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Table 2 Summary weight-of-evidence matrix for retinoid signalling perturbation by environmental contaminants

From: Highlighting the gaps in hazard and risk assessment of unregulated Endocrine Active Substances in surface waters: retinoids as a European case study

Associated condition Line of evidence, uncertainties, and limitations Biological relevance (B), strength (S) of the study, and correlation of data (Corr.) Reliability of the source and “test system” with respect to human health Conclusion: incl. identification of data gaps
Developmental effects (teratogenicity, malformations) Various (see Table 1); strongest associations are supported by in vivo loss-of-function and developmental toxicity/teratogenicity studies in, amongst others, mammals, fish and amphibians (also recently reviewed in [103] B: ++, S: ++ Very high  
Affective disorders RAS contributes to the development of: mood changes, aggressive behaviour, depression, and/or suicidal thoughts [177, 222, 223, 232, 234] B: +, S: + Very high (confirmed independently multiple times in human and rodent studies)  
  Mood changes, aggressive behaviour, depression, and/or suicidal thoughts [222] (Basis for decision to include it on the label is not provided.) B: -, S: ++, Corr.: ?/↑ Very high (official note for isotretinoin treatment); human Though a comment on the association of 13cRA with affective disorders is included on medication labelling, the causal link is not definitively established yet
  Depression and suicidal behaviour [223]
Systematic review; many of the sources are reported to be of limited use to the review, esp. with respect to suicidal thoughts
B: +. S: +, Corr.: 0/↓ High (systematic review); human A trend, but no statistically significant correlation between depression/suicidal thoughts and 13cRA treatment, but epidemiologic data are insufficient to draw associations esp. with respect to suicidal thoughts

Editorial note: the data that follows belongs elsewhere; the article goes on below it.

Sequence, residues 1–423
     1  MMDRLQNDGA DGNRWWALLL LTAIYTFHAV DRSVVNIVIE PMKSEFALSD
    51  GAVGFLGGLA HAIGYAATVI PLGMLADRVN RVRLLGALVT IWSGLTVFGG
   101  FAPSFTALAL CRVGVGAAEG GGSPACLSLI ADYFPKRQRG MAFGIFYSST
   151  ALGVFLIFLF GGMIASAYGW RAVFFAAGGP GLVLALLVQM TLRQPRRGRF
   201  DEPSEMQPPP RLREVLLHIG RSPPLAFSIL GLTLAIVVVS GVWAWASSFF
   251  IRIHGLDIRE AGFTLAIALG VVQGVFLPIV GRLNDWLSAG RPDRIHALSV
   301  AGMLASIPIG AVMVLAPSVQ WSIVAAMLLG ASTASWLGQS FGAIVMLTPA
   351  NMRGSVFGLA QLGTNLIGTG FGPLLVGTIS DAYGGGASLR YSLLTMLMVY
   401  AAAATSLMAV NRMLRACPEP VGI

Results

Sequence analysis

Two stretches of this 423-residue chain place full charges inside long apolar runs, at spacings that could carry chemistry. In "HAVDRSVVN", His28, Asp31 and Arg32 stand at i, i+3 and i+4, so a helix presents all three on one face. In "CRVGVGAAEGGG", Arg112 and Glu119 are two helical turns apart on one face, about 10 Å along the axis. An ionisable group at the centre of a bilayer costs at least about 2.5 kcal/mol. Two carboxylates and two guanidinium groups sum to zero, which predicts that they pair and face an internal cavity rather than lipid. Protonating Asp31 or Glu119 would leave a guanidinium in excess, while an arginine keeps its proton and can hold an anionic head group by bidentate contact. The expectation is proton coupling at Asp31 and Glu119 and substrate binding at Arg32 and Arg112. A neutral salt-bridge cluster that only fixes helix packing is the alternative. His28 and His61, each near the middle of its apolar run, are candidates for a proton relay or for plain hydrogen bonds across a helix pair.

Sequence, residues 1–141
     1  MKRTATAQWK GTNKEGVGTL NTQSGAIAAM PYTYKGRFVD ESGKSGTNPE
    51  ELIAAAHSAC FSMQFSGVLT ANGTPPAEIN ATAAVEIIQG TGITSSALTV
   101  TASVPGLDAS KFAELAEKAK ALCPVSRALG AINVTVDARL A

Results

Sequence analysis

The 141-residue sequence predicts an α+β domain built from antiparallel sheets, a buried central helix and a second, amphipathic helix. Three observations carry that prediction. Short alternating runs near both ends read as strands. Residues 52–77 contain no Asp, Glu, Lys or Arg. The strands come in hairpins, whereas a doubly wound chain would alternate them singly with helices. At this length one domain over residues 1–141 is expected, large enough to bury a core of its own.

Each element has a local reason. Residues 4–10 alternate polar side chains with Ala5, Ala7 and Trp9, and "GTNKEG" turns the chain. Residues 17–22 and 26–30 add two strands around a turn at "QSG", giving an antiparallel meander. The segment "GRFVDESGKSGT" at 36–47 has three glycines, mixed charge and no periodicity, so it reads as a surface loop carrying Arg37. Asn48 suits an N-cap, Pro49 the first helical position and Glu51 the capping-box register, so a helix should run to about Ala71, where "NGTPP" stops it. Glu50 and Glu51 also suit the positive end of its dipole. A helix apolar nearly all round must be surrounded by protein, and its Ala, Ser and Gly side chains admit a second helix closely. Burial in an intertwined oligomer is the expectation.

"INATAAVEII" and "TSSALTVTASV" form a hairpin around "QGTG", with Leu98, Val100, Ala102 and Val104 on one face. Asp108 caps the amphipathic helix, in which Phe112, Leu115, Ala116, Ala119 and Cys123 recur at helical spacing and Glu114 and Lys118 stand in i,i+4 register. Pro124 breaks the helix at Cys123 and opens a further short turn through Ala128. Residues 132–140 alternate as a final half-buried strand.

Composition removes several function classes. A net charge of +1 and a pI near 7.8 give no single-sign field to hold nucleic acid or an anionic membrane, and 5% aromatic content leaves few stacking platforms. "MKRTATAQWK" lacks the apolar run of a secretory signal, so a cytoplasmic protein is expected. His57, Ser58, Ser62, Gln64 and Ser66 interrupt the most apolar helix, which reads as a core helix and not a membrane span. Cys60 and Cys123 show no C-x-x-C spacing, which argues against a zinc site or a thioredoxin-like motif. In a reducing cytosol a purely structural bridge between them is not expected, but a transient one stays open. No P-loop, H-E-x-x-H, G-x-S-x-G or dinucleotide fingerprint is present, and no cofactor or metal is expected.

Depression [187, 234]
Very thorough and broad studies, covering longer-term (28 days) and chronic (> 100 days) exposure in adult/elderly rats; doses of 13cRA and atRA reflect serum levels in human during 13cRA treatment. No histopathological examination was conducted
B: +, S: ++, Corr.: 0 Moderate (original research); rat The data do not substantiate the hypothesis of 13cRA inducing depression. No effects were observed on behaviour, nor on monoamine levels in the brain. Observations differ from other studies perhaps due to interspecies variation
Autism, schizophrenia, ADHD, depression RA modulates the correct distribution of GABAergic interneurons in the prefrontal cortex via corticothalamic interaction [248]
Focus on CYP26B1 (co-)detection with parvalbumin-positive GABAergic inter-neurons in the prefrontal cortex in mice. The study concludes on the role of thalamic signalling (controlling CYP26B1 expression) during interneuron maturation, not on RA signalling itself
B: 0, S: +, Corr.: ↑ Weak/moderate (original research); mouse The study satisfactory links altered corticothalamic influence on CYP26B1 expression in the prefrontal cortex, together with subsequently altered RA signalling, however, the study only indirectly assessed RA signalling
Schizophrenia CYP26B1 mutation in humans is a risk factor for schizophrenia [240, 247]
Genome-wide association study (GWAS) including 36,989 cases of schizophrenia and 113,075 controls, and a multi-laboratory combined cohort of 153 patients vs. 153 controls examined for gene expression changes. While both studies identified CYP26B1 as a potential schizophrenia risk factor, other enzymes in the RAS cascade/pathway (e.g. RALDH, RARs, RXRs) were not identified
B: +, S: ++, Corr: 0/↑ High (genome-wide association study, large cohort); human Identification of 108 conservatively defined loci of genome-wide significance towards schizophrenia, including CYP26B1 (rank 74). While GWAS is a powerful tool to uncover rare mutations and genetic risk factors, the causal link needs to be confirmed in mechanistic studies
  RAS is disrupted in schizophrenia [497]
GWAS on Australian Schizophrenia Research Bank cohort (425 schizophrenia cases and 251 controls included in study). The polygenic risk score of 22 retinoid genes was significantly associated with the disorder. In addition, a rare variation in the gene encoding RARβ was associated with severe cognitive deficits
B: +, S: ++, Corr: ↑ High (genome-wide association study, large cohort); human The study strengthens the link between neurological disease, particularly schizophrenia with cognitive deficits, and disturbed (decreased) retinoid signalling
This study paves the way for preventive or therapeutic use of retinoids in schizophrenia, though responsiveness of cognitive symptoms needs to be investigated individually first